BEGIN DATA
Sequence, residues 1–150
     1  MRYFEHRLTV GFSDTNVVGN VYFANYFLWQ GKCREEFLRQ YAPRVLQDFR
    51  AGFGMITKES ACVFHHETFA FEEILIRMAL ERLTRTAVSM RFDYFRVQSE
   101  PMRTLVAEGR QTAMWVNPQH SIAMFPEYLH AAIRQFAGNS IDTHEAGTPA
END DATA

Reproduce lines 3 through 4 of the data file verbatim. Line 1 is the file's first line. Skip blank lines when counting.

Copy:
    51  AGFGMITKES ACVFHHETFA FEEILIRMAL ERLTRTAVSM RFDYFRVQSE
   101  PMRTLVAEGR QTAMWVNPQH SIAMFPEYLH AAIRQFAGNS IDTHEAGTPA